By Jeremy Gregory, MSW, ASW
College Students. What’s up with online therapy? Is it like coaching? Is it like venting to someone? Are you going to make me cry? How would I even know if I need a therapist? Maybe I’m just stressed because college is stressful?
Despite it being 2021, there are plenty of reminders around us of 2020 still being here. One of those unfortunately is the global pandemic that continues to impact our communities in all sorts of ways. One that hits home for me is with the student population, specifically in college. The lack of experience a student receives at this time in regards to the “college experience” must be one that could lack social interaction with others. As a result of this, someone who might already either suffer from depression or might have a predisposition to depression might be more likely to experience those symptoms. Due to this, performance drops, whether it be in academics, athletics, or in being able to interact with someone with a sense of normalcy.
Online therapy can work in a way to normalize the feelings of helplessness someone might be feeling and work towards assisting the person in decreasing that sense of helplessness. Talking with someone who has been in your shoes as a college student, but who is also on the other side of things and who has experience and education in helping people identify patterns, change thought processes, and build tools for getting out of a rut of depression or anxiety can be a huge boost to overall life functions and the college experience. One thing that I am hopeful about is that there is an increasing number of providers and platforms that not only normalize the process of accessing therapy but are also open to having the discussion around providing context into why someone might be suffering from depression.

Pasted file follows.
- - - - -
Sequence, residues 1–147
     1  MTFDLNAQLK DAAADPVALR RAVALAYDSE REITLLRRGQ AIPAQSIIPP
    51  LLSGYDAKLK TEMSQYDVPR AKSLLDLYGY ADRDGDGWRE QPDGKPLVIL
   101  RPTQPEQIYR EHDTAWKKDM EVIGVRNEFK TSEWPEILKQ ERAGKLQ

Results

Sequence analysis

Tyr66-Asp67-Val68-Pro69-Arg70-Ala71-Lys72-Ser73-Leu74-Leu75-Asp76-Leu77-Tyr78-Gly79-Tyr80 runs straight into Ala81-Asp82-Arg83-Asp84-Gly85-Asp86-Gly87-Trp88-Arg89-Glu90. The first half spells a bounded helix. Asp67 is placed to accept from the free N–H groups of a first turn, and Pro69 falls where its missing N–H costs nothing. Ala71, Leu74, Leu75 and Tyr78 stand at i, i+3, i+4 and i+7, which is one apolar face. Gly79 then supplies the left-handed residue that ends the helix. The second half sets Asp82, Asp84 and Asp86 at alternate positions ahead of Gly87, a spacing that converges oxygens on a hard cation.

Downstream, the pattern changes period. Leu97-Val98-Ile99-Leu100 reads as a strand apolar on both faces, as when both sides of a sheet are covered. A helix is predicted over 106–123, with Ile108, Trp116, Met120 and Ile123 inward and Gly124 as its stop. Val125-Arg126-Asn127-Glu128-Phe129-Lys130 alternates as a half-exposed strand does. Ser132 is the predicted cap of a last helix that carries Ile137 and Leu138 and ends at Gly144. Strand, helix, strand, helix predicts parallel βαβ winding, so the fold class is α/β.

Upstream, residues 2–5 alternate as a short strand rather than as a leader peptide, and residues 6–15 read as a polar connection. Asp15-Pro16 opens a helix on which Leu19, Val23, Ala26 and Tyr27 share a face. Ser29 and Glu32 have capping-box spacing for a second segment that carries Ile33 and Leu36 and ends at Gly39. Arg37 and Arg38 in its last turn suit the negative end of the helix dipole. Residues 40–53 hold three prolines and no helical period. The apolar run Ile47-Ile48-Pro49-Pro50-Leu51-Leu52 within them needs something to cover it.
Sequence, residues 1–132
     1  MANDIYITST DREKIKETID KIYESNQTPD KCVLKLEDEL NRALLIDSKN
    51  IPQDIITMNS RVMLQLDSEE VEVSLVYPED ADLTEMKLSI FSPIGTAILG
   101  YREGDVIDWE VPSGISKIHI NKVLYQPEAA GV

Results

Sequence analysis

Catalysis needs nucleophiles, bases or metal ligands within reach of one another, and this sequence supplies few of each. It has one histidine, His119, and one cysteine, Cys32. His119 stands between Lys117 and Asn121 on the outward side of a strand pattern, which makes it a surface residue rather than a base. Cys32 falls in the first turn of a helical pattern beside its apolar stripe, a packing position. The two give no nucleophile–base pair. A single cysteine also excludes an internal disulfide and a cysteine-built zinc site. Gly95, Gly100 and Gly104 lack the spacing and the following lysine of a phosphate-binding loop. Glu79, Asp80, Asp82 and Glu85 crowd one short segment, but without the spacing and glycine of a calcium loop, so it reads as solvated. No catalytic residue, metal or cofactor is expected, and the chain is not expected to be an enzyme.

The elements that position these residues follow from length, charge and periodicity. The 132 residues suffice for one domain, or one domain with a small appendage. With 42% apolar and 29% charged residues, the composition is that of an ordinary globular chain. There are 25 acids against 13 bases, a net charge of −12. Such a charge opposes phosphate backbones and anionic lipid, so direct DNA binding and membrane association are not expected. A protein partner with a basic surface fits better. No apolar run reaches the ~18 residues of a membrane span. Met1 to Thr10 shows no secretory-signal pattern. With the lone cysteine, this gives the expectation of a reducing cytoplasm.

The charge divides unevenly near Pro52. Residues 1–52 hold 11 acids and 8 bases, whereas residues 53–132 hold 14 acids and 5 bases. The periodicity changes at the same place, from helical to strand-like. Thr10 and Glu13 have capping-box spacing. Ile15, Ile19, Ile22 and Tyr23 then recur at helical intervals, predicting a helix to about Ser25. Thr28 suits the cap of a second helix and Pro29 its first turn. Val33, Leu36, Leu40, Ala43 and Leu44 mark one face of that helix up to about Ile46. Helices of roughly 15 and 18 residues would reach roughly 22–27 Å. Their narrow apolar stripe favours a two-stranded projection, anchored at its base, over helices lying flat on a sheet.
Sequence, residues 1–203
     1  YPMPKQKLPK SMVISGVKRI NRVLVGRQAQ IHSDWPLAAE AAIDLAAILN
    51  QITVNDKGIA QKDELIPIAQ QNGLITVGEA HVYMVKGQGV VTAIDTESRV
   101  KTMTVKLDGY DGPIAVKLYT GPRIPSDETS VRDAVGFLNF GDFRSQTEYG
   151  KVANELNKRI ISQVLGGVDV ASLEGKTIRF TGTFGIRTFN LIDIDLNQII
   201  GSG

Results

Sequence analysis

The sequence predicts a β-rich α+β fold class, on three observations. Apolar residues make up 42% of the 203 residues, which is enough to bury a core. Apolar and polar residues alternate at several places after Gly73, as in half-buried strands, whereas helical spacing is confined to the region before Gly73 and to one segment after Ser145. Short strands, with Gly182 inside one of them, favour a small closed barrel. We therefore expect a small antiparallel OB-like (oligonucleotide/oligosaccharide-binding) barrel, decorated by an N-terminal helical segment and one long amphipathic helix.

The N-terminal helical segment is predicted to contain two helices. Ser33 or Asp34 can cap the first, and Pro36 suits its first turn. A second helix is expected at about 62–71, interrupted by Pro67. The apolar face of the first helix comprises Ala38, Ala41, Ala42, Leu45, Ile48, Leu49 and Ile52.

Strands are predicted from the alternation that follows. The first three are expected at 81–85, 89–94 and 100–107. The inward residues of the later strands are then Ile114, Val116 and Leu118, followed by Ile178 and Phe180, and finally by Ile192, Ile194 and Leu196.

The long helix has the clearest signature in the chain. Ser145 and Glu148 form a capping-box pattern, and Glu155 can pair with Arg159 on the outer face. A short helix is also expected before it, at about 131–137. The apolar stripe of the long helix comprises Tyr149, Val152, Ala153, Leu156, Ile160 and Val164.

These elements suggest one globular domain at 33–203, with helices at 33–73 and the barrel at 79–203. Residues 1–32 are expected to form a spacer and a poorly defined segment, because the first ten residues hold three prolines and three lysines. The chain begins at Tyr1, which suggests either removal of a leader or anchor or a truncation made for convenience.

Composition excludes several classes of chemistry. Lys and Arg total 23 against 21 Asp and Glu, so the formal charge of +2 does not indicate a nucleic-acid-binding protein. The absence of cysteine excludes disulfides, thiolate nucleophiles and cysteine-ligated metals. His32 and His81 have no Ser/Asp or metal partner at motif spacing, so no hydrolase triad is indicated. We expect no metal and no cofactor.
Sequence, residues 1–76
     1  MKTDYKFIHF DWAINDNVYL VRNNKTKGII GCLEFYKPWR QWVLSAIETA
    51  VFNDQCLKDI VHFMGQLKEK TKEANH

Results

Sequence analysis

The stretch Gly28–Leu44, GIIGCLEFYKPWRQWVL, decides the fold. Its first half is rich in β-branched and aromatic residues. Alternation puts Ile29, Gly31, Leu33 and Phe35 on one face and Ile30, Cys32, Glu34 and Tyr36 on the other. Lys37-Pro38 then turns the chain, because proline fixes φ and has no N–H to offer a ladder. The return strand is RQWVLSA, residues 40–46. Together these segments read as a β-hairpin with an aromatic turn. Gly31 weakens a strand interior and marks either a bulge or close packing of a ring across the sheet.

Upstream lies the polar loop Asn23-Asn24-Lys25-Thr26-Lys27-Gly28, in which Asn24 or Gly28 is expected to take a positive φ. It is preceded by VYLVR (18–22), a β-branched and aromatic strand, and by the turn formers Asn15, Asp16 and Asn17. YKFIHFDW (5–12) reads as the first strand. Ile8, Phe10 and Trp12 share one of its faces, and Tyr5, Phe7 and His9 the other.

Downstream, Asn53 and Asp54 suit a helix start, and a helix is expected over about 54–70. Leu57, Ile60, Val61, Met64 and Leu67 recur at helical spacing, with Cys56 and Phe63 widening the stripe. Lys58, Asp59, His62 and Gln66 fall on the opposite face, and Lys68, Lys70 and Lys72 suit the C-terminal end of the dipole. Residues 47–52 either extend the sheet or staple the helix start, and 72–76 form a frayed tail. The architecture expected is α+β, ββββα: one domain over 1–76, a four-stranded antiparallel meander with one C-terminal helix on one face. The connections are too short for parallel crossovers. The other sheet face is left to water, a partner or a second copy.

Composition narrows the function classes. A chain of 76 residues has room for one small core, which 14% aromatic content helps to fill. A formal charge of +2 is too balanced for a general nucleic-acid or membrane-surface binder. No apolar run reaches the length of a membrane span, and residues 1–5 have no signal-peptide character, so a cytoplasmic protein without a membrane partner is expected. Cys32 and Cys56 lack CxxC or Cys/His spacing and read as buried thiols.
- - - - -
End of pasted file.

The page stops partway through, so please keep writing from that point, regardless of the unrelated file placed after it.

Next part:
In that way, I hope that whoever is looking to access services they are able to identify that context matters and that they can get help wherever they might be in their life, free of judgement.
Jeremy is a registered associate social worker who works under the clinical supervision of Jessica Wilkerson, LMFT #104464.
Jeremy, originally from Southern California, attended graduate school at CSU Chico. He’s married with two young sons and as a former high school football player, he currently spends time on the golf course or with a fishing pole in the water. Jeremy is always looking for ways to make life better for others and to find enjoyment for his own life and the lives of his wife and children.